The ideas for articles in this Partners for Student Success series come from annual collections of Promising Partnership Practices by the National Network of Partnership Schools. Established by researchers at Johns Hopkins University, NNPS is dedicated to bringing together schools, districts, and states that are committed to developing and maintaining comprehensive programs of school-family-community partnerships.
"Based on more than a decade of research and the work of many educators, parents, students, and others, we know that it is possible for all elementary, middle, and high schools to develop and maintain strong programs of partnership," NNPS director Joyce L. Epstein told Education World.
NNPS provides a wide range of resources to help schools and school districts build strong partnerships. Click the links below to
Designed to prepare students for upcoming standardized tests, Reading and Math Mania brings together students and parents for an evening of fun that provides abundant take-home activities to help the students practice and reinforce skills required to perform well. In addition to simple review, the event also lessens the anxiety associated with the testing.
"Game formats like paper football and mazes are less intimidating than traditional worksheets. The students eagerly play the educational games, without realizing how much learning and positive reinforcement are taking place," says Taylor, a parent involvement facilitator. "Our thinking is that the more practice students have at using their acquired skills, the more comfortable and prepared they will be in applying the skills during test situations."
In a carnival-like atmosphere, teachers demonstrate creative learning activities as families join in those that are most relevant to their children's grade level. The entire staff comes together to make the event a success, and Taylor reports that it is truly a win-win for all involved. Most meaningful for her are the firsthand reports from parents who receive what they most need from the event with regard to information about "new" math skills or ways to overcome academic hurdles.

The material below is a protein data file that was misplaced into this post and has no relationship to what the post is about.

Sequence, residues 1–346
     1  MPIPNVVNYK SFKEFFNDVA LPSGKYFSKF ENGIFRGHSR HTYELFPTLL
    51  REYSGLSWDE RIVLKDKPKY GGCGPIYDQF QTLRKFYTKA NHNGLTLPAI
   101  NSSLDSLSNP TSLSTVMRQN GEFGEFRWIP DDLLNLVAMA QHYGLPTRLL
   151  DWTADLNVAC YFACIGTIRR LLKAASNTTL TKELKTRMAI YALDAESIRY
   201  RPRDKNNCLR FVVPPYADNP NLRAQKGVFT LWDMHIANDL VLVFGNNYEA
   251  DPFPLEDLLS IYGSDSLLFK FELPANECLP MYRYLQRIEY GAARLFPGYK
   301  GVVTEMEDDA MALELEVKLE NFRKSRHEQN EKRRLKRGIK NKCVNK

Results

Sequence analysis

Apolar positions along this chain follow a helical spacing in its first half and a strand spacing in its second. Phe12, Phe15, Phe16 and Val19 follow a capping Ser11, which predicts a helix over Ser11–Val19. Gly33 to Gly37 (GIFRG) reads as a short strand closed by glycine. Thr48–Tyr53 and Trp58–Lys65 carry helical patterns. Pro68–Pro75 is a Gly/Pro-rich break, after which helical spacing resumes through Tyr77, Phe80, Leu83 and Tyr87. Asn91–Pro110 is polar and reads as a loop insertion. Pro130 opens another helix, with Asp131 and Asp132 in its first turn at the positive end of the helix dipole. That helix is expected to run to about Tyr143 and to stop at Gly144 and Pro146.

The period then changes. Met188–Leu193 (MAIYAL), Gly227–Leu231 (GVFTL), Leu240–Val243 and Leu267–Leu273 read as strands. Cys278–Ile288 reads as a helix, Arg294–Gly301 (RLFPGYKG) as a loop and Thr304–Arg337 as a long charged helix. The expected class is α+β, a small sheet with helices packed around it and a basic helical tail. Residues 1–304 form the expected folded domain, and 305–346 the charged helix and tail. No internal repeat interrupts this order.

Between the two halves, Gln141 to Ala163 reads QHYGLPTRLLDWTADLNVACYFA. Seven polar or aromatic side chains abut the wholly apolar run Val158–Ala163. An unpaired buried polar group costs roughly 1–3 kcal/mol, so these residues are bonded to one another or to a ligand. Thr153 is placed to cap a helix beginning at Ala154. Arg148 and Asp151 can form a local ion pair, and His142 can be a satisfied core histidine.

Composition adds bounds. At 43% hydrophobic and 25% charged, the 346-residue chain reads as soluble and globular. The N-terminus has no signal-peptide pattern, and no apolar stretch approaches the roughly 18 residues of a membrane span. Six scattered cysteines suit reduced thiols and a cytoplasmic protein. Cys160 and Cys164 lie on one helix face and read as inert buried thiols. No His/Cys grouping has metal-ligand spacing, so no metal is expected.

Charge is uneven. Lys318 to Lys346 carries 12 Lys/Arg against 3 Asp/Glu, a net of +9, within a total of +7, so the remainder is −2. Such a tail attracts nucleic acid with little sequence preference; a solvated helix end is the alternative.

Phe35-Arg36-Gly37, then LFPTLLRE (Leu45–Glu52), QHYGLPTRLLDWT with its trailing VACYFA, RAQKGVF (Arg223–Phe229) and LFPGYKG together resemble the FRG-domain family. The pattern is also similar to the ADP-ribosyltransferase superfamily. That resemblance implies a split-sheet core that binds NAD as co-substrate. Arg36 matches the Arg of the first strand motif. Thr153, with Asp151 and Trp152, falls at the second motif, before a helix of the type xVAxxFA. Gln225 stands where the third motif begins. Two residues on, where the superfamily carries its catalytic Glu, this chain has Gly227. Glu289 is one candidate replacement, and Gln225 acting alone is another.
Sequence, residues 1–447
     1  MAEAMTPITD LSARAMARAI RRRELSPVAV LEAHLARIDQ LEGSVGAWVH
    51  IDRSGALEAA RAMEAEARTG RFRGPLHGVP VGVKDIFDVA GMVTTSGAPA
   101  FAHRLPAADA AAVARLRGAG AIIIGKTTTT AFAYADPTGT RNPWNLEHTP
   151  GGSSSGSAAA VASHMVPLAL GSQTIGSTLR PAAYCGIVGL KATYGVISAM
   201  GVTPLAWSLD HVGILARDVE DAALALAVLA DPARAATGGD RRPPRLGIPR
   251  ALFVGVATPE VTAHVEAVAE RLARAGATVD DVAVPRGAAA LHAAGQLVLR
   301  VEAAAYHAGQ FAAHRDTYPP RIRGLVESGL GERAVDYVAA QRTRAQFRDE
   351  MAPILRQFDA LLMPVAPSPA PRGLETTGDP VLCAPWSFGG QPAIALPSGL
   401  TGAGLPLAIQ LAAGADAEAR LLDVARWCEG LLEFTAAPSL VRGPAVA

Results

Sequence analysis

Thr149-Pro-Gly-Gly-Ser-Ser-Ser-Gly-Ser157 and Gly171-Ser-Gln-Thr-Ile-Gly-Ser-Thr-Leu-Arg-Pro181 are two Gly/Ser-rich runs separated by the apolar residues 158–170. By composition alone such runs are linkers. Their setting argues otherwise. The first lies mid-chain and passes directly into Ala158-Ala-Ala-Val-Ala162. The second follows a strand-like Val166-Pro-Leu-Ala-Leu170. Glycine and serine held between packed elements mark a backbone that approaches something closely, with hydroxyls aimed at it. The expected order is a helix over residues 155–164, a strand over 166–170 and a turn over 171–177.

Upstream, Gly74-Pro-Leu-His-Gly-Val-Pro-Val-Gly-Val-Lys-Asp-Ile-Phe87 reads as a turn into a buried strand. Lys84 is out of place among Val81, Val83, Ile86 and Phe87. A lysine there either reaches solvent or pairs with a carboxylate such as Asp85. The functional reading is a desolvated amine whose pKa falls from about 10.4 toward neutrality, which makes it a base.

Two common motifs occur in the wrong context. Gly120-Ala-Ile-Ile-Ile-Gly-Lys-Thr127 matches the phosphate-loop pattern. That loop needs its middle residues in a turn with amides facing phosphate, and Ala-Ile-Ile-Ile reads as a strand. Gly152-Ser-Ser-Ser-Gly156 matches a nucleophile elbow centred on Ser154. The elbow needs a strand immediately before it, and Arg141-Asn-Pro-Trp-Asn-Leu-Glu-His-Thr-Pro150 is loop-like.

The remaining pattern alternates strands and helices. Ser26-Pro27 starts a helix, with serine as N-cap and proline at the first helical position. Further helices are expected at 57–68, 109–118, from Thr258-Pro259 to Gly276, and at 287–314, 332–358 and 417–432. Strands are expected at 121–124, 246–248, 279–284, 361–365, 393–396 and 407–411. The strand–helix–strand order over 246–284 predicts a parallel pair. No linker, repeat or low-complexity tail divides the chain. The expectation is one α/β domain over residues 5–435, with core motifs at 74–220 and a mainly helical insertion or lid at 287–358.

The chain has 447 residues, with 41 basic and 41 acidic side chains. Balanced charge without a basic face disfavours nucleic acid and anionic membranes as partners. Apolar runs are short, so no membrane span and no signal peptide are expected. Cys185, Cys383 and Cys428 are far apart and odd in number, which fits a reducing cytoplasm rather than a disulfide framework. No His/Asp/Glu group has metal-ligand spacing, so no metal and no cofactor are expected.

"There is nothing like the smiles of gratitude and the relief shared when parents are able to help their children make the connections they've been missing," Taylor told Education World. "Sometimes it's as simple as changing the approach."
Planning for this event begins at the start of the school year. Volunteers form committees that are responsible for obtaining community sponsorships for food and door prizes, grade-level activities, sign-in, set-up, clean-up, photography, serving dinner, providing child care, and more.
"The improvements that we make each year have to do with logistics and assessing the changing needs of the families that we serve," Taylor explained. "For instance, we made resources available for parents with young children so that they would be able to focus on getting the information they need to help their school-aged children, without being distracted by the younger siblings. We've learned to use older siblings in middle or high school, as well as staff members, to help with this effort."
Reading and Math Mania not only reveals the strengths of students and teachers of the school but also allows staff members to become better acquainted with the students' families. The relationships built through the event are vital to enhancing student learning. Every family receives a bag of "goodies" at the end of the evening to continue their test preparations at home.
"Due to the incentives offered, this is by far our most well-attended event, and we seize the opportunities it presents to help us get to know our families by connecting with them on a personal level in an open and lively setting," Taylor added.